Objectives: To assess the effect of birth weight of children and their siblings and other perinatal/parental factors on the risk of acute leukemia. Methods: We linked data from the Jerusalem Perinatal Study, a population-based research cohort (n = 88,829) of offspring born 1964 to 1976, with Israel's Cancer Registry. Risk factors for acute leukemia were assessed using univariate and multivariate proportional hazards models. Results: Leukemias developed in 65 individuals [24 acute myeloid leukemias (AML) and 41 acute lymphoblastic leukemias (ALL)]. A positive linear relation was found between gender-adjusted birth weight and all leukemias [hazard ratio (HR) 1.85, 95% confidence interval (95% CI) 1.1-3.0] and AML (HR 2.9, 95% CI 1.3-6.4). The association between birth weight and AML was especially notable among infants (HR 8.14, 95% CI 1.8-38.9 for age 0 to 1 year) but was also observed among subjects ages >14 years at diagnosis. The relation was particularly strong among females (P = 0.001). Other risk factors for AML risk on univariate analysis were maternal origin, socioeconomic status, birth weight of sibling > 3,500 g, and family size. On multivariate analysis, only birth weight retained borderline significance (adjusted HR 2.38 per kg, 95% CI 1.0-5.7). Significant predictors for ALL in both univariate and multivariate analyses were male sex (adjusted HR 1.92, 95% CI 1.0-3.7) and birth weight categories ≥ 3,000 g introduced into the model as nonlinear terms. Conclusion: Birth weight is associated with an increased risk of acute leukemia in infants, children, and young adults. Perinatal factors play a role in the development of childhood leukemias, but the patterns of association vary by leukemia type.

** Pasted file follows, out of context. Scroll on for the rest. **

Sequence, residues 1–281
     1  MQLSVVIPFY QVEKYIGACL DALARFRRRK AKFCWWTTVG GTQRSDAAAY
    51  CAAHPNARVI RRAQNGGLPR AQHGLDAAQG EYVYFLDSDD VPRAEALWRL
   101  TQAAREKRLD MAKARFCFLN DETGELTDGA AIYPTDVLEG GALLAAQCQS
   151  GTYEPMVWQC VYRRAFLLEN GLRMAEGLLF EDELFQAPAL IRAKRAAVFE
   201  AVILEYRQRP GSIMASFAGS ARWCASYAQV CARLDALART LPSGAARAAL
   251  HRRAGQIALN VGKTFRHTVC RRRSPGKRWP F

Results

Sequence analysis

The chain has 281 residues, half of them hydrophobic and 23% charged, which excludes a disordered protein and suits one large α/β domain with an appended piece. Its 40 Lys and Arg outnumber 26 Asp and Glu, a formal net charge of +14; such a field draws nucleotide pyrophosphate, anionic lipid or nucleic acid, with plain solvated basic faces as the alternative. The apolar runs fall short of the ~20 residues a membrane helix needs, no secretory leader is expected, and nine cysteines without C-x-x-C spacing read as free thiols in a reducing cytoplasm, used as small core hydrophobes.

|Original language||American English|
|Number of pages||8|
|Journal||Cancer Epidemiology Biomarkers and Prevention|
|State||Published - Jun 2004|